I guess there are stock types of both genders, and while it's fine to draw on this pool of stock characters, it's the little touches a good writer brings to each one that make him or her into an individual. Good medieval fantasy can do this, I think, as well as any story with a modern setting. Forex, I absolutely love Joe Abercrombie's trilogy - all his characters, male and female, appear at first to be stock types but Abercrombie gradually subverts the archetypes in clever ways that make them all the more powerful, both as characters and as people. However, his two main females are still classic "noblewoman" and "warrior woman", even though they are far from being straight off the shelf marked "get your medieval characters here".

Guy Gavriel Kay, I think, is pretty good at writing realistic medieval women who, while still representative of their time, nonetheless have intelligence, strength of mind and independence of spirit, just as interesting real people do.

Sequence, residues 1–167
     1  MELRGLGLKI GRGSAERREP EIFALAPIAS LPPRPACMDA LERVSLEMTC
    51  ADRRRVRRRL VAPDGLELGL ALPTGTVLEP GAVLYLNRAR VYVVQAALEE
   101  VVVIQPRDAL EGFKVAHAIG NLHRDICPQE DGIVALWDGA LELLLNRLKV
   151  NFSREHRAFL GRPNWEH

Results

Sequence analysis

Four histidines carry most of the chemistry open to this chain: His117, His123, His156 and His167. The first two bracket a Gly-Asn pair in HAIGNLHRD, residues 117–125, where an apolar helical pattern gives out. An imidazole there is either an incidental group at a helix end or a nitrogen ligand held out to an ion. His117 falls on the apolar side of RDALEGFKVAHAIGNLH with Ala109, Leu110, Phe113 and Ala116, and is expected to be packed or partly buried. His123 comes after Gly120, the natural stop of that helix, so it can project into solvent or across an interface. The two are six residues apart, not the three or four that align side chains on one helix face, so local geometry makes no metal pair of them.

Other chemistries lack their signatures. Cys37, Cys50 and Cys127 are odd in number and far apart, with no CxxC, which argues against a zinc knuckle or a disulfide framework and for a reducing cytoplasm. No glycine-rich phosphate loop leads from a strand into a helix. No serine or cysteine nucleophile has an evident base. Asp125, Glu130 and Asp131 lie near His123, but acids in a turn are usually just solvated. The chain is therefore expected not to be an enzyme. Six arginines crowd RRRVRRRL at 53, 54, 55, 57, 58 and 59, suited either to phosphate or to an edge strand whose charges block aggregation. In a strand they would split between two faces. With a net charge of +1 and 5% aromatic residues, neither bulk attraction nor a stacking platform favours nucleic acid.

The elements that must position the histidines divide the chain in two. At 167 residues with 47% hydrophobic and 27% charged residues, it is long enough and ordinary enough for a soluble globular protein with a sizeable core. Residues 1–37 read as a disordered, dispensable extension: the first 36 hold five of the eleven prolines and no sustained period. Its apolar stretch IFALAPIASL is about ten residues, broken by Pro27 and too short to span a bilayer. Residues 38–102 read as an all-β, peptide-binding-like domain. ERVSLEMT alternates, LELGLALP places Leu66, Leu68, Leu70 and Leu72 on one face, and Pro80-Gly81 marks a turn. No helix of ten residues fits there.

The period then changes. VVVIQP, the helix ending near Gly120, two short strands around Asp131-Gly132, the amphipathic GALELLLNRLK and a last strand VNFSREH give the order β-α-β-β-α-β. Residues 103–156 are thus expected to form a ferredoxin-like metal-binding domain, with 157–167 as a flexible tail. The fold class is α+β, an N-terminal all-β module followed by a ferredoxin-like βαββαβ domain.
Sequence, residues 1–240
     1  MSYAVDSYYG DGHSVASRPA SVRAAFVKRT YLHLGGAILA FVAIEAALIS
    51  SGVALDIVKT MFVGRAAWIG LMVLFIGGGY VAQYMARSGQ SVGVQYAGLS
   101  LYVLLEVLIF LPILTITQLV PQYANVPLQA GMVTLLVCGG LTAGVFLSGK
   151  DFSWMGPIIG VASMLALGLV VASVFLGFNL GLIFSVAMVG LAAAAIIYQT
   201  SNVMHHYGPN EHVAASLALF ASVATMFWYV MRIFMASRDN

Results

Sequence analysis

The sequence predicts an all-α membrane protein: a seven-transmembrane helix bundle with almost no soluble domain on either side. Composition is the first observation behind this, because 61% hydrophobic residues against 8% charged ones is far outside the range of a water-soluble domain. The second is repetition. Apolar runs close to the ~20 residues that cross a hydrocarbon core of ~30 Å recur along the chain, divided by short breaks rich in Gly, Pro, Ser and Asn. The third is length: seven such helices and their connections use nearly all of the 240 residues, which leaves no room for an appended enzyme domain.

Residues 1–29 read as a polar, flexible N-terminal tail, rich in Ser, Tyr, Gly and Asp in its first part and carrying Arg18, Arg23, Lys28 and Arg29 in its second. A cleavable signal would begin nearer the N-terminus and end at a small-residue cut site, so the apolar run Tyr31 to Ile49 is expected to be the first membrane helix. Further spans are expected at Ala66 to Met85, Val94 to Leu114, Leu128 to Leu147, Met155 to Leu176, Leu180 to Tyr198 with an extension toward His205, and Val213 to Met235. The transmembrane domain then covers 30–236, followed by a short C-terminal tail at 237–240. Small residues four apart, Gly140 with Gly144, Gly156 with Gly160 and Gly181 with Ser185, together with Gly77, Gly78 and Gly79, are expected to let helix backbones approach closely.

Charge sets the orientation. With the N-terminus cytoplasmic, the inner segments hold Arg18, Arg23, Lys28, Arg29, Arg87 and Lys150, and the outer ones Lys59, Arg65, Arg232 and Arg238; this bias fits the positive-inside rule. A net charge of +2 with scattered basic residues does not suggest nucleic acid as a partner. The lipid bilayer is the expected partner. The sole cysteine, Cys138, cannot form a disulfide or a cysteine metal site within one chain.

I actually love medieval fantasy and am constantly on the lookout for good examples of it. Sadly, I have to read an awful lot of drivel to find the gems; however, this is probably true of all the sub-genres. There's some utterly terrible urban fantasy and paranormal romance out there. in fact, some paranormal romance is just as sexist as the old detective novels used to be. The woman falls in a quivering heap at the feet of a ruddy vampire, for heaven's sake. I know pnrs don't all have this failing, but it's just as bad when you do see it as the old nurse-in-love-with-dedicated-surgeon type of story - and less excusable when the woman is herself the dedicated surgeon:-)In other words, making a female MC a professional can just be a red herring that lulls us into thinking we're reading about how the ideal modern women behaves, when in fact it's just the old stuff hidden under new-looking clichés.

I am so looking forward to your trilogy and I hope it does really well for you. Marianne's new heroine also sounds super and I can't wait for the first book to come out. Congratulations to all of you for your recent successes and for getting the new site up and running.